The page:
Mapping and measuring the impact of the Bruce invasion

Published in Features, Issue 5 (September/October 2019), Volume 27

By Chris Chevallier

The Bruce invasion was a major turning point in medieval Irish history, a calamity that seriously damaged English influence in Ireland until the Tudor Reconquest. At the very least, it weighted the scales against the colonial administration. This article will evaluate the impact of these events by analysing percentage changes in valuations for individual parishes and dioceses between the 1302–7 and 1319–20 assessments, something that will flesh out local and regional effects.


The causes of the Bruce invasion continue to be discussed and debated. There are four major theories: (i) the Bruces wished to establish a permanent kingdom in Ireland; (ii) the invasion was meant to prevent the transport of supplies and soldiers from Ireland to the Scottish war front; (iii) Robert Bruce wished to remove his brother (Edward) as an heir to and potential rival for his crown; (iv) the invasion would catalyse a ‘Celtic’ alliance between the Irish, Scots and Welsh.

Considering the resources that Robert invested in the invasion and the vulnerable situation in which it placed Scotland, the establishment of a kingdom for Edward was most likely the prime motivator. Holding Ulster, at least, would greatly secure Scotland’s borders and create a launching point for expeditions into Wales, as well as helping to control the Irish Sea. Robert and Edward were also descendants of Norman aristocrats—a drive for adventure and conquest was ingrained in their culture. Ireland provided an opportunity for new expeditions and lands. Appealing to a shared Gaelic or Celtic identity was more likely a means to an end, whereas hurting the English war effort could have been a secondary motive. It is also important to note that Domhnall mac Briain Ó Néill offered a certain legitimacy to Edward’s ambitions, trading his claim to the high-kingship of Ireland and his fealty in exchange for aid against encroaching Gaelic and Anglo-Norman lords.

Chaos and calamity

In late May 1315 Edward Bruce landed near Larne with an army of Scottish veterans. After defeating the local Anglo-Norman magnates in the earldom of Ulster, Edward would establish a court at Carrickfergus and receive the fealty of Ó Néill and several other Gaelic Ulster lords. He would also force the submission or entice the defection of some Anglo-Norman lords in Ulster and, eventually, parts of Meath. From eastern and central Ulster, the Scottish army and their Gaelic allies were able to raid southwards from a somewhat secure base.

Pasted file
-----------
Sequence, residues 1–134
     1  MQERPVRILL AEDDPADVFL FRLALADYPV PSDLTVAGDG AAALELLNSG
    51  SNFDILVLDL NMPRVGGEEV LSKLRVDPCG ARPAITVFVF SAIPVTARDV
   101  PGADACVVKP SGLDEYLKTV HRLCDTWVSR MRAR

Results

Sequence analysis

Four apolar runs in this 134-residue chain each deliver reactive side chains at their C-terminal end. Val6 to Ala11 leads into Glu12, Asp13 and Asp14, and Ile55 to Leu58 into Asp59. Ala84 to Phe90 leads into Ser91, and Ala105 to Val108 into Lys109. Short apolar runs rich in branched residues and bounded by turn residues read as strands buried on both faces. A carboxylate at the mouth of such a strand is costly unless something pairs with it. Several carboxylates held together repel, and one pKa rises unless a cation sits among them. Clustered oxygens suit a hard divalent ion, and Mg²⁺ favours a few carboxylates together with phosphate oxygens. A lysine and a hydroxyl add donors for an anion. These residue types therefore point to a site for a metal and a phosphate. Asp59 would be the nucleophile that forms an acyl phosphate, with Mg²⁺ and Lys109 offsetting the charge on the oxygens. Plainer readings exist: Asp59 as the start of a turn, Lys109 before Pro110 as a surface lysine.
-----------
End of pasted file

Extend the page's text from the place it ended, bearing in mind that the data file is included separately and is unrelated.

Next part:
In 1315–16 Edward’s offensive activity was largely confined to Louth, the midlands and Kildare. In September 1315 he defeated the Red Earl of Ulster (Richard de Burgh) at the Battle of Connor (Co. Antrim). The earl, who was also lord of Connacht, denied the colonial administration’s army permission to enter Ulster, fearing that it would devastate his lands. Rather, he trusted in his own forces to oust the Scots. This backfired spectacularly, as Edward’s diplomacy with the Ó Conchobair caused chaos and civil war in Connacht, leading to both Anglo-Norman and Gaelic contingents of the earl’s army from Connacht rushing west to secure their homes and power. Thus the Scots were able to smash de Burgh’s greatly reduced army.

After the Battle of Connor, the Scots and their allies would win victories at Kells (Co. Meath) and Ardscull (Co. Kildare) as well, thereby gaining an aura of invincibility. During these initial years Edward further secured his position in Ulster, making tangible efforts to rule it as a proper king. Carrickfergus Castle would fall in 1316 after a year-long siege. This, combined with the successes of Scottish admiral Thomas Dun in hampering England’s navy, made the possibility of Bruce’s kingdom seem like an imminent reality. The presence of the Scots and their propaganda also helped to cause chaos across Ireland. There are records of settlers fleeing their homes in south-west Munster, while Gaelic rebels were even able to raid Dublin city. The Scots presented an opportunity to tip the political equilibrium in Ireland against the colony and to dislodge settlements. Some lords, however, were more successful than others.

In August 1316 Fedlim Ó Conchobair led a massive Gaelic army against William Liath de Burgh and his Gaelic allies, with the intention of eliminating his rival for supremacy over Connacht. This culminated in the Second Battle of Athenry. Fedlim and countless Gaelic nobles died during the battle, resulting in an astounding de Burgh victory. This family would assert control over much of the region for the remainder of the medieval period, largely integrating into Gaelic society and culture while breaking away from the colonial administration.

In Thomond, however, it was Gaelic forces that prevailed against an ambitious Anglo-Norman lord. At the Battle of Dysert O’Dea in 1318 a Gaelic army outsmarted and devastated a colonial army under Richard de Clare, killing him, many nobles and much of his army. De Clare’s wife (Joan) and her retinue would quickly grab their treasures and torch the colonial stronghold at Bunratty. The colonial presence would linger in Thomond until the early 1330s, but they could not stop the Ó Briain from re-establishing control over the region.